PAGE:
Husam Al Dakhil and his cousin Bahaa Hraiz serve a Syrian buffet. The cousins came to Canada a little more than a year ago. Now Holy Redeemer Parish in Ottawa has found sponsors for their parents and siblings. (CCN photo/D. Gyapong)
OTTAWA (CCN) — Holy Redeemer, a parish in the Ottawa archdiocese, didn’t stop at bringing in only one Syrian refugee family — so far they’ve brought in three and plan to bring in three more.
In addition to the three original families — all blood relations — the parish has been instrumental in bringing in two young nephews of the families, who now have sponsors for their parents and siblings.
The suburban parish refugee committee and its Knights of Columbus council have enlisted other area churches, including an Anglican church, to sponsor additional family members, though Holy Redeemer has helped with the paperwork, with topping up funding and with other assistance.
As well, the parish has received significant monetary help from fellow Knights in the United States — in particular two parish councils in Georgia.
On June 3, the Syrian refugees prepared a banquet of Syrian food as a thank you and a fundraiser to bring in three more members of the extended family. A film crew from Chicago was on hand preparing a video for the Knights 135th Supreme Convention in St. Louis, Missouri Aug. 1-3.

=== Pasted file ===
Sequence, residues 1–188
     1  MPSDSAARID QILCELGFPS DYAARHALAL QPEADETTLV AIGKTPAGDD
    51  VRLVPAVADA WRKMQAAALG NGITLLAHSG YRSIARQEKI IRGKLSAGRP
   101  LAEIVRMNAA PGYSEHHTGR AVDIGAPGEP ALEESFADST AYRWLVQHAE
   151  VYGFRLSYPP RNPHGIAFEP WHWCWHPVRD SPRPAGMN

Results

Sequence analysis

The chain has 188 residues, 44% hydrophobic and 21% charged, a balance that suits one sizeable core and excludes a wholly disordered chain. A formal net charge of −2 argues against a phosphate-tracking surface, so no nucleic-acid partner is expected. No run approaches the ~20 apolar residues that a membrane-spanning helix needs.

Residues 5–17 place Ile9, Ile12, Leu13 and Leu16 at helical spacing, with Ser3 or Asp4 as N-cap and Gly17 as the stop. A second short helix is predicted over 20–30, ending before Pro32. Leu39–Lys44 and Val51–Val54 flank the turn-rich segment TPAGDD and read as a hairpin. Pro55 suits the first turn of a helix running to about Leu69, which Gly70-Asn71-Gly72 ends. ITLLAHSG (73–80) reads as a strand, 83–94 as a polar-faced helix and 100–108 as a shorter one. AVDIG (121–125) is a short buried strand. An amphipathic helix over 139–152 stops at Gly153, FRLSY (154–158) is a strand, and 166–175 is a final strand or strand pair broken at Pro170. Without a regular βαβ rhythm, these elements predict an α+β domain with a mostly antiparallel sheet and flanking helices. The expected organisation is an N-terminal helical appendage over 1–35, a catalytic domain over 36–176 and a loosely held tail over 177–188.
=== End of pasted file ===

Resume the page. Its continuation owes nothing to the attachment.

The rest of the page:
Bob Near, who represents the Knights Council 9544 on the parish’s refugee committee, told the gathering it costs $12,600 to sponsor one person. “We have 15 people now,” Near said. “We want to bring in three more to close the loop.”
The first family arrived in March 2015. Kholoud Wakass, her husband Shadi Al Dakhil and their two children (Kholoud was pregnant with their third when she arrived) came well before the Liberals made a campaign promise later that year to bring in 25,000 Syrian refugees. Her sister Wedian, who was married to Shadi’s brother, arrived a year later with her husband, Wael, and two young daughters. A third sister, Claude, whose husband had died of cancer in Syria, also came last year with her two sons, aged 15 and 12.
“What we are trying to do is bring over the fourth sister, who is still in Damascus,” Near said. “She is a deaf mute. She can’t hear the incoming shells, and if she got buried in the rubble she couldn’t cry for help.”
The Syrian banquet also raised funds to bring in Kholoud’s mother and brother as well.
Rev. Pierre Champoux, the previous rector of Holy Redeemer, said the parish decided to act after seeing news about Syria and the ISIS persecution of Christians.
“The biggest surprise was the speed at which everything came together,” Champoux said. “We’ve all been part of meetings where we talk about things and nothing gets done.”
In contrast, the first meeting of the refugee committee, saw “within five minutes,” people volunteering to run the clothing drive, arrange food, find escorts to appointments and offer them accommodation, he said.